The social system, including the family, has endured through the first month of social separation quite well. Gallup polls show happiness and contentment at normal levels. But under the hood, we can see the first signs of dysfunction. The secretary-general of the United Nations, for example, has issued a warning that domestic violence is surging. There have been scattered reports coming in as well, from Italy to Ohio.
Family violence, normally man against woman, secondarily either against children, is a constant reality. Individuals who are psychologically dysfunctional, and families that are fractured, cause a constant and predictable level of family violence. When violence surges globally, it is unlikely that the numbers are being cooked, and unlikely that the violence is coincidental. There are two forces at work. First, homes and apartments are frequently built with the expectation that a substantial amount of time will be spent outside. They are not designed for constant occupation by all. The pressure of 24-hour intimacy coupled with a situation that has no clear endpoint can create tension between even the most loving families. And many families are not particularly loving. These are the ones that explode first, most without violence, all with a high degree of rancor that can’t be escaped. In some cases both parents are home without work. The parents must finally face each other, along with their unruly children. The family explodes inside of walls from which there is no escape. Family violence is not the norm. It is simply the first statistically collectible indicator. Many or most families will accommodate with love. But some won’t.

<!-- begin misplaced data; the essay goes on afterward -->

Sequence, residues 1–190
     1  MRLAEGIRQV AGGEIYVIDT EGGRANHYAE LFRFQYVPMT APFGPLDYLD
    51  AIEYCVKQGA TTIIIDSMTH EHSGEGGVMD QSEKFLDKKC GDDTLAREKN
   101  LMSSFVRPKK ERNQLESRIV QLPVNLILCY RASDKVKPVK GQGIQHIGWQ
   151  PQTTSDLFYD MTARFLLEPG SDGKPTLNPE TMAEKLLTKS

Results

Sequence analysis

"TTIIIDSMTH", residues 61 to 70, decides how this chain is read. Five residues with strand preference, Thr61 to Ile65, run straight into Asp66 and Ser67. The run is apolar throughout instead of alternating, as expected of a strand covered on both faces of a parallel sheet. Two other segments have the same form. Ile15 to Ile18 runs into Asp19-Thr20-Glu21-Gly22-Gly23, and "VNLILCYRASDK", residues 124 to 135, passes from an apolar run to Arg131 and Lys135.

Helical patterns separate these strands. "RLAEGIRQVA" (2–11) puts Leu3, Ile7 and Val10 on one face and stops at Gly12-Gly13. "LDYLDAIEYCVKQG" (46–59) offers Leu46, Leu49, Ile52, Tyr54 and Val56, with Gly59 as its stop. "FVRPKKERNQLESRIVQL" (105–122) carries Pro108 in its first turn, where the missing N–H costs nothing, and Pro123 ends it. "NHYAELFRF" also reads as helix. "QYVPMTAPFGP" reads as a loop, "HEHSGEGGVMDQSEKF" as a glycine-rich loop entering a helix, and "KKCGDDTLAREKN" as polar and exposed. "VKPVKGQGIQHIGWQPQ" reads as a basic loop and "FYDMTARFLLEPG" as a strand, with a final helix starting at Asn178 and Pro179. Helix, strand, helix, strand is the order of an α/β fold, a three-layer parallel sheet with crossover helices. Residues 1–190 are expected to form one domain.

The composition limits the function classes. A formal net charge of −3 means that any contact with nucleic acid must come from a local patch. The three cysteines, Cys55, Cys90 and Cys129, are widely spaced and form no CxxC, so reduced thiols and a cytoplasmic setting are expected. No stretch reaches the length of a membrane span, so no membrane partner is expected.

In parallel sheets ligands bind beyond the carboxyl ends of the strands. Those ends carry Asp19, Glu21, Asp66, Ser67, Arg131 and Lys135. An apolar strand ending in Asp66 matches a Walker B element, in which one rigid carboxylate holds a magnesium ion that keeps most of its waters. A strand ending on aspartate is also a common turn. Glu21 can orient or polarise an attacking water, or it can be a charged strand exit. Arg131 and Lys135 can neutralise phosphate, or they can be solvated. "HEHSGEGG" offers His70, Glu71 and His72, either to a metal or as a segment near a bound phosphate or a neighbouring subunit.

When I look at the pressure on our essential rituals, I note that Dr. Anthony Fauci has said that no one should shake hands now or ever again. It is common for male friends to hug. In Europe, when I greet a woman, I know I must kiss near the cheek but not quite on it. I always forget how many times — whether one or both sides, or even three times — I must kiss in each country. When I was young, a date ended in a kiss. When I was older, it could, with luck, end in more.
Are all these rituals of our life, along with all other rituals of touching that I don’t at the moment remember, to be abolished along with the handshake? The job of the medical community is to protect our health and life. But health is not simply a matter of medicine. It is also a matter of enormously complex and individual rituals. Last week, Jews celebrated Passover, remembering how God freed them from slavery. On Sunday, Christians celebrated Easter. These are communal celebrations of families and congregants who speak, touch and hug.
We are in an enormously difficult position. We cannot accept the death of fellow human beings who might be saved. We also cannot readily live with the restraints required to minimize those deaths. And we must calculate the suffering and death caused by economic depressions — a very real event.
The obvious solution is medical — a medicine that will not require quarantine and will allow us to go back to work. Given the virulence of the virus, the problem is that even lifting the social distancing might allow a return of its spread. I suspect we could take a risk with a poorly proven drug more than we can endure the limited lives we lead. But that is a suspicion. The point is that family violence has surged and it has surged because of the measures we must take to prevent the spread of disease. The rise in family violence is real but not decisive. The other social breakdowns will happen as the economy fails and our lives become crippled. Then choices will have to be made. Perhaps Fauci and his colleagues will find a cure we can live with. I wish them all the best in their quest.
*George Friedman (Hungarian: Friedman György, Budapest, February 1, 1949) is Hungarian-born U.S. geopolitical forecaster, and strategist on international affairs. He is the founder and chairman of Geopolitical Futures, an online publication that analyzes and forecasts the course of global events.